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Tuesday, Jan. 4, 2011 RSSSEND TO A FRIENDPRINT
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Top 5 Stories
Prediction: Auto Sales Could be Smashing for 2010
Hyundai Targets 10% Growth in Auto Sales
Treasury Said to Be Planning Sale of $2.5 Billion in Ally TruPS This Month
NADA Convention Workshop to Highlight New UNICAP Safe Harbors
Mocked as Uncool, the Minivan Rises Again
Top 5 Stories
Prediction: Auto Sales Could be Smashing for 2010

The final new car sales figures for 2010 won't be released until (later today), but there are growing indications that it turned out to be a pretty strong year. The latest comes from analyst Brian Johnson of Barclays Capital who predicts in a note to investors ... that the December sales rate was the highest in two years, excluding the period when the government was offering its cash-for-clunkers incentive. That's a 13% sales gain over December 2009.
Source: USA Today

Editor's note: NADA Chief Economist Paul Taylor will announce his annual sales forecast and economic outlook for 2011 this Friday, Jan. 7. "There should be plenty of good news all year for new-car and -truck sales in 2011," Taylor says.

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Hyundai Targets 10% Growth in Auto Sales

SEOUL—Hyundai Motor Group is targeting 10% growth in global vehicle sales this year as the South Korean company focuses on quality and safety. Hyundai Motor Group, the world's No. 5 auto maker by sales, aims for affiliates Hyundai Motor Co. and Kia Motors Corp. to sell 6.33 million units, up from an estimated 5.75 million units last year, group Chairman Chung Mong-koo told employees Monday. "Safety should come first," Mr. Chung said. "It is a key strategy to ensure survival in a fast-changing landscape and competitiveness."
Source: The Wall Street Journal

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Treasury Said to Be Planning Sale of $2.5 Billion in Ally TruPS This Month

The U.S. Treasury Department may sell as much as $2.5 billion of Ally Financial Inc. trust-preferred securities this month as it looks to recoup bailout funds for taxpayers, a person with direct knowledge of the plan said. Treasury will look to sell at least $1 billion of the securities to investors in January or “shortly after” fourth- quarter earnings are announced in February, said the person, who asked not be named because the plans are private. Ally, the auto and home lender that benefited from a $17.2 billion bailout from U.S. taxpayers, moved closer to regaining its independence last week as the government converted $5.5 billion of preferred stock into common shares. Treasury said it would begin selling the TruPS, with Ally’s help, “as soon as practical,” according to a Dec. 30 statement.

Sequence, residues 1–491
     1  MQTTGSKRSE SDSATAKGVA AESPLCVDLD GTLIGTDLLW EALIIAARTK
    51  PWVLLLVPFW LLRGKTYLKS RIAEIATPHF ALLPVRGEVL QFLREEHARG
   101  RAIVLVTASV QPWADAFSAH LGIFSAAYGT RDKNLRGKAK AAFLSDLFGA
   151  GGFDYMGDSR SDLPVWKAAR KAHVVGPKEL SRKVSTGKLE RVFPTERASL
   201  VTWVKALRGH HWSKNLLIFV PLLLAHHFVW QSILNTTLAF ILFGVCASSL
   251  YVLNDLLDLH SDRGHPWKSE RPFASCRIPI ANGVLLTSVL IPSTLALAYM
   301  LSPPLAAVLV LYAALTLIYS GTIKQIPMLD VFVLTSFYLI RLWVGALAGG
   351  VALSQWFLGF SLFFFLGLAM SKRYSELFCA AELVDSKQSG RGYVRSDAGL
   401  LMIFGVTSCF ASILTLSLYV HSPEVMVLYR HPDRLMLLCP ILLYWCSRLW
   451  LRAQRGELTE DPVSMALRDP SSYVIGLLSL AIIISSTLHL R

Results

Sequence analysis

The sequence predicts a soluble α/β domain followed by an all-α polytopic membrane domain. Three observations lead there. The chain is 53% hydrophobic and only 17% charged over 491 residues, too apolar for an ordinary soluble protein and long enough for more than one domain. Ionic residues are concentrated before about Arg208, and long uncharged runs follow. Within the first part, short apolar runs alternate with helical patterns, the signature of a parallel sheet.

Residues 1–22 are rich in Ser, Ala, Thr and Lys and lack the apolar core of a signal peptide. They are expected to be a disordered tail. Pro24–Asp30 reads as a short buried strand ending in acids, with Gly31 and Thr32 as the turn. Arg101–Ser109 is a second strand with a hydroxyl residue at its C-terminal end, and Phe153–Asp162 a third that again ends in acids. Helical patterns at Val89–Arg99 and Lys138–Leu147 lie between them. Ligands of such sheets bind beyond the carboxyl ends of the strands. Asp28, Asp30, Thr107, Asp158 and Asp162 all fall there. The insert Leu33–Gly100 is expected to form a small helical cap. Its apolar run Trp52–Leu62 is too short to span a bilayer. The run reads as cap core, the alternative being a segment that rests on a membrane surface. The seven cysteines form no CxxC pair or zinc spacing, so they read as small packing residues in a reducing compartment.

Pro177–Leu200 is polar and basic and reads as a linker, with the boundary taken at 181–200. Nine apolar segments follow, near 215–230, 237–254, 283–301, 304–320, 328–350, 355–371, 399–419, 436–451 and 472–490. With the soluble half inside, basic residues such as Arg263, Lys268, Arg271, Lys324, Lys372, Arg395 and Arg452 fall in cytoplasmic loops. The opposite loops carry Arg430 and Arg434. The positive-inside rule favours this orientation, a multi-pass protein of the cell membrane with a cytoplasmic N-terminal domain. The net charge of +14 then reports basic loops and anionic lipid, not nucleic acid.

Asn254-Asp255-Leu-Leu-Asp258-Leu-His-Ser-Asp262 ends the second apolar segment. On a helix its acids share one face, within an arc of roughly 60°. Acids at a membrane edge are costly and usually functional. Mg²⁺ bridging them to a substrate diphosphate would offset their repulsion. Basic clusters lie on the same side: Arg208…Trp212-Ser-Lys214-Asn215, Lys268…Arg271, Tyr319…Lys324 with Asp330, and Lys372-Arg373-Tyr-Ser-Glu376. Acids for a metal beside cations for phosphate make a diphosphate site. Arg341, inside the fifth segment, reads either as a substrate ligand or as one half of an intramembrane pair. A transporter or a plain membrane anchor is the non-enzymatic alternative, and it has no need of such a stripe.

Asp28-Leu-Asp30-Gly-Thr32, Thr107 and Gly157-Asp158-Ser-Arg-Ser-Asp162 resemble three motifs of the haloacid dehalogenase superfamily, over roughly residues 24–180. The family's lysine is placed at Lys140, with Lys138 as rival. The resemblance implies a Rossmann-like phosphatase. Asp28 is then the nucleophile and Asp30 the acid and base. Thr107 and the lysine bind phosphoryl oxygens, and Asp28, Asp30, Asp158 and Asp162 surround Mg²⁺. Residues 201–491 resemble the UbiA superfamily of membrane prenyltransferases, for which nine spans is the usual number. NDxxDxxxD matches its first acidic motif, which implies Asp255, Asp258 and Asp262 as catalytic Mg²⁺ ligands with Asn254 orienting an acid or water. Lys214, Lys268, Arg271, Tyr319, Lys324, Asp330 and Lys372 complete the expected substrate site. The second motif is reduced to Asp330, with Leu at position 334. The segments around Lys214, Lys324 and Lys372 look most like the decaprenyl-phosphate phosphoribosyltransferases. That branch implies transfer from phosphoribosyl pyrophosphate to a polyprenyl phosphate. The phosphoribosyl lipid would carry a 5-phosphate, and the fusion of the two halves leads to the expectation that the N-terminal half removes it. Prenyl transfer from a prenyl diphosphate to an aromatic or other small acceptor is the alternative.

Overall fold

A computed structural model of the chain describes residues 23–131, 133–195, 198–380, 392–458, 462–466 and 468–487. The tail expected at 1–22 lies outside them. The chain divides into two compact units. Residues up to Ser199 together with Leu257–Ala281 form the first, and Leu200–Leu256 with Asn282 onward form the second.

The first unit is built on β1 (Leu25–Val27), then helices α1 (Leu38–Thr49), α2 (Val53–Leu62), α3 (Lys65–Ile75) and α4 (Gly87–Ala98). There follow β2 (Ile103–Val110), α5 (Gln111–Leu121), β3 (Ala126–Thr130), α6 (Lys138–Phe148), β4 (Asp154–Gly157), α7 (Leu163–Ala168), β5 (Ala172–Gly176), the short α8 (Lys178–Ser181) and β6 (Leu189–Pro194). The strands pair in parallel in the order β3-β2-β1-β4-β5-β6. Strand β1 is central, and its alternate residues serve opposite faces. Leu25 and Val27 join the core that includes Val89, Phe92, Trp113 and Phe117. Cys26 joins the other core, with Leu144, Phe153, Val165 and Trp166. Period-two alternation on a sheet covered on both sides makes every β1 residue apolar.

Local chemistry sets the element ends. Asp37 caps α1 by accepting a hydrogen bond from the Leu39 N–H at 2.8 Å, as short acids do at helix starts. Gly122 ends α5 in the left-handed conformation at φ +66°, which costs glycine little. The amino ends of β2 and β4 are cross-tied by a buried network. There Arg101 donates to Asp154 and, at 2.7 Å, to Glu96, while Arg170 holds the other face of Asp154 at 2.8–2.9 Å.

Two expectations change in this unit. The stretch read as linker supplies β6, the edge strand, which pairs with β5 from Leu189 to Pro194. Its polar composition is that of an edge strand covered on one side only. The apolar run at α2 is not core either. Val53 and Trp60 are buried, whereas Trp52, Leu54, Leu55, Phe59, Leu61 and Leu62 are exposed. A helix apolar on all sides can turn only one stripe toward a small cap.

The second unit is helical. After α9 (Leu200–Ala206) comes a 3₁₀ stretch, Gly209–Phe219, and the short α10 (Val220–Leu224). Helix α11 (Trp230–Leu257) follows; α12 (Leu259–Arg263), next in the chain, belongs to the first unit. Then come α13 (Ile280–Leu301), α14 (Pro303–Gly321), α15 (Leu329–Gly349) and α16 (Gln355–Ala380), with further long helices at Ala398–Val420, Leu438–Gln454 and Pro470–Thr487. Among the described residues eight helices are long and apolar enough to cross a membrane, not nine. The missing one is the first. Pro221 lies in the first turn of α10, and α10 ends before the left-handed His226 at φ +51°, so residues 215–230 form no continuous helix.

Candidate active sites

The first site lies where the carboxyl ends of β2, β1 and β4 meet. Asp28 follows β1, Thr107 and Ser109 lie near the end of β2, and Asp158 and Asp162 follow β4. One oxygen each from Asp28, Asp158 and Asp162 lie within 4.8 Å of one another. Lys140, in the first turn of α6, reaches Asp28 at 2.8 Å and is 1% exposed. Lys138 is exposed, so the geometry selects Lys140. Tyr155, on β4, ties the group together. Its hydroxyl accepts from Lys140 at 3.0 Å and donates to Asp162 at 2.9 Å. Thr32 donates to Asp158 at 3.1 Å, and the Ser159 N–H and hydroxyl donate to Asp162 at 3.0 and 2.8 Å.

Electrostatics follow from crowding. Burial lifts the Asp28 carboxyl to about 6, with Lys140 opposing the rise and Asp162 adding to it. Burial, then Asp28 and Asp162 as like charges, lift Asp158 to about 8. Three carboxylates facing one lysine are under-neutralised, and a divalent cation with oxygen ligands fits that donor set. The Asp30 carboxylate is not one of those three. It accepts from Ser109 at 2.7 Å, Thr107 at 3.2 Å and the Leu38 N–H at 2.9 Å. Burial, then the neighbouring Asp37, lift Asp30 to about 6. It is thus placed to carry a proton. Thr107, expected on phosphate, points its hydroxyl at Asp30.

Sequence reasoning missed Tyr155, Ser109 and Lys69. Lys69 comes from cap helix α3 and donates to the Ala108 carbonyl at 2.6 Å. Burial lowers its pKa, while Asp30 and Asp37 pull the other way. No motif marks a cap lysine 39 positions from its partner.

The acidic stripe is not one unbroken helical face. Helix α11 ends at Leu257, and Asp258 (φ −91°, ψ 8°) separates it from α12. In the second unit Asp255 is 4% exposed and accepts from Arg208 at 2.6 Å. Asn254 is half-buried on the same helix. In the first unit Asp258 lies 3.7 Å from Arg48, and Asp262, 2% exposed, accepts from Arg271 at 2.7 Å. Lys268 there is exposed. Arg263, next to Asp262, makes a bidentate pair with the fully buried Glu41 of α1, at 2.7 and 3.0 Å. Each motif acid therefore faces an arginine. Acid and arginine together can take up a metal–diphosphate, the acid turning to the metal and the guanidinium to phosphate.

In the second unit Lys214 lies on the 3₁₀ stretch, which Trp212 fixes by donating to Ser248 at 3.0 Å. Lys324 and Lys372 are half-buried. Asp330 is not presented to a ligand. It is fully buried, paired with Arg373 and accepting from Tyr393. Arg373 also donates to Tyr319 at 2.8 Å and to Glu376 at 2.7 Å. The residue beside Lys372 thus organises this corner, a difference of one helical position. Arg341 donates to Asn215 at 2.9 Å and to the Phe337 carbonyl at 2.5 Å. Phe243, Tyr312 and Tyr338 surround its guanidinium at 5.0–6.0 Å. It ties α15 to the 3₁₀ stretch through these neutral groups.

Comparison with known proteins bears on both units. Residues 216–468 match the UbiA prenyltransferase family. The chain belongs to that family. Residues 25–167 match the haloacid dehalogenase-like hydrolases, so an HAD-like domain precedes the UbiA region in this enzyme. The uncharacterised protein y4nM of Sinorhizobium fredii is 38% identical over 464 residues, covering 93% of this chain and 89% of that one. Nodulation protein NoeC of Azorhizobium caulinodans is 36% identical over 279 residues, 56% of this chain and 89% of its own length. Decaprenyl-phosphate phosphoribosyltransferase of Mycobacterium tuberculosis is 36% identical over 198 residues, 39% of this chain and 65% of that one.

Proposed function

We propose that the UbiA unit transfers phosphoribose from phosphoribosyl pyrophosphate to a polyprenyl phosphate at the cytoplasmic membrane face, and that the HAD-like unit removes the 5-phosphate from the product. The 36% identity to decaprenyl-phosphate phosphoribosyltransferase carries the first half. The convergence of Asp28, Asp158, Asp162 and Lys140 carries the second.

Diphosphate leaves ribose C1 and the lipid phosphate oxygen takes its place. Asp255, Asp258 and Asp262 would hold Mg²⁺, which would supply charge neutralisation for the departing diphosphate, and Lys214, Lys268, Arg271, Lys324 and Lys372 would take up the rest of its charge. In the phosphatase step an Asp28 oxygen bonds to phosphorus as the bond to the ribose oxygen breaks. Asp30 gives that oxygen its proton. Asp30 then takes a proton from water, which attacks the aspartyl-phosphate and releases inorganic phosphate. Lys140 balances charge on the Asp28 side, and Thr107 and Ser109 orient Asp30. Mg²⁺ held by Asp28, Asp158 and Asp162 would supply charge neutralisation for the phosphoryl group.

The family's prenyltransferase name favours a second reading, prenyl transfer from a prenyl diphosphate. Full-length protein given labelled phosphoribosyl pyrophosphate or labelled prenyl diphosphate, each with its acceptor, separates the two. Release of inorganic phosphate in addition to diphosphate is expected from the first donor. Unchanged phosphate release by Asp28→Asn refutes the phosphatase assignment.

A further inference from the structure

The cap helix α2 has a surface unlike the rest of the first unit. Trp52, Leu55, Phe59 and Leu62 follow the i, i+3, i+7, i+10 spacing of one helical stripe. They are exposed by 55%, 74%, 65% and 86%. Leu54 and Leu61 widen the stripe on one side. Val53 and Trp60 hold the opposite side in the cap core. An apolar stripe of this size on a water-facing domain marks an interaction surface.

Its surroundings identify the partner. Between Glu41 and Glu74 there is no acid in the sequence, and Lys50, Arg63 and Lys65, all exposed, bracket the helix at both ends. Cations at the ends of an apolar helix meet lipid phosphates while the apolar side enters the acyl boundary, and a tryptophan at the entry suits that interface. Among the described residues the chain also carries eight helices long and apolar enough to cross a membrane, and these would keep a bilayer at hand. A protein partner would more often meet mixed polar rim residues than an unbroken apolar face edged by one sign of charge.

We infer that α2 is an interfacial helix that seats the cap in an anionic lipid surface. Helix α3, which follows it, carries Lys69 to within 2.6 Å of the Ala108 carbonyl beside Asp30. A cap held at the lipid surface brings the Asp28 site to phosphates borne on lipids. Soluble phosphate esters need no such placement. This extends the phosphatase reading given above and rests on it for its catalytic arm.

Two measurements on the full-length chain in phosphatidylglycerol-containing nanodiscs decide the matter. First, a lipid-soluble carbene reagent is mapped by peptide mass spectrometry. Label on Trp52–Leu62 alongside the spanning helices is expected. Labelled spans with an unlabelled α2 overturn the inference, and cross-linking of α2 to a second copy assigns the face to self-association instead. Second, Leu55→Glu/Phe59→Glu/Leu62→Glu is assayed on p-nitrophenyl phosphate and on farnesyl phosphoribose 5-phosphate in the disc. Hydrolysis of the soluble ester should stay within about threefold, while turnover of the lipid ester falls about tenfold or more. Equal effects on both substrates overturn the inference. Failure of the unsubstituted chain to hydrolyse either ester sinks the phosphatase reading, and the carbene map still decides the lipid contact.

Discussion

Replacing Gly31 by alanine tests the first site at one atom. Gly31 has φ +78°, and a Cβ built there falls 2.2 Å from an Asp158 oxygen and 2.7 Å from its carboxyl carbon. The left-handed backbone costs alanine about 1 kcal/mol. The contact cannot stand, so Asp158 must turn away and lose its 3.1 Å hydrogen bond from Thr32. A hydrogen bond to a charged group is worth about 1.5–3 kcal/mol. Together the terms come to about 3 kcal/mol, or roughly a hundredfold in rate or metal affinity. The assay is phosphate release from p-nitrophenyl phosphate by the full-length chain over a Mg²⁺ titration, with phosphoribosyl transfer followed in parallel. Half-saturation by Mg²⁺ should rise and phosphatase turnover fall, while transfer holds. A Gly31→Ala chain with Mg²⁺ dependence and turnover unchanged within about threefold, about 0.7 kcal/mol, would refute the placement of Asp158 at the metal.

Source: Bloomberg

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NADA Convention Workshop to Highlight New UNICAP Safe Harbors

NADA-backed effort on UNICAP was a big win for auto dealers

McLEAN, Va.– Auto dealers who want to learn about significant federal income tax developments that may prove beneficial to their businesses, including new “safe harbor” UNICAP accounting methods, now have another reason to attend the NADA Convention & Expo in San Francisco next month. The workshop, “UNICAP and Other Federal Tax Developments,” will look at attractive provisions in the Small Business Jobs Act of 2010 and several dealer tax issues related to the industry’s consolidation. However, its primary focus will be on the IRS’s November 2010 creation of two new optional UNICAP accounting methods in Revenue Procedure 2010-44 and what it means for dealers. The workshop will be presented by IRS Motor Vehicle Technical Advisor Terri Harris and NADA tax consultant Robert Zwiers (Crowe Horwath LLP), both of Grand Rapids, Mich., on Feb. 6 and 7.
Source: NADA Public Affairs

Editor’s note: This is part five in a series of features on NADA convention workshops offered in San Francisco.

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Mocked as Uncool, the Minivan Rises Again

DETROIT — Could driving a minivan, the ultimate embodiment of the suburban family vehicle, ever be considered cool? The automakers are trying mightily to persuade us. In marketing campaigns featuring heavy-metal theme songs, rapping parents, secret agents in cat masks, pyrotechnics and even Godzilla, minivan makers are trying to recast the much-ridiculed mom-mobile as something that parents can be proud — or at least unashamed — of driving. “The stories we heard were, ‘I just don’t want to be seen in a minivan. I don’t like being the soccer-mom joke or feeling like I’ve given up all trace of my identity to be a parent,’ ” said Richard Bame, Toyota’s national marketing manager for trucks and minivans. Making a minivan seem hip might be a stretch, but the new marketing efforts seem to be paying dividends, although the vehicles remain a small niche of the auto market.
Source: The New York Times

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Quotable
 
“A year ago, people were asking whether Chrysler would make it. Now, the question is how fast they’re going to come back.”

    -- Barron Meade, a Chrysler dealer and chairman of Detroit’s North American International Auto Show, Bloomberg, Jan. 3

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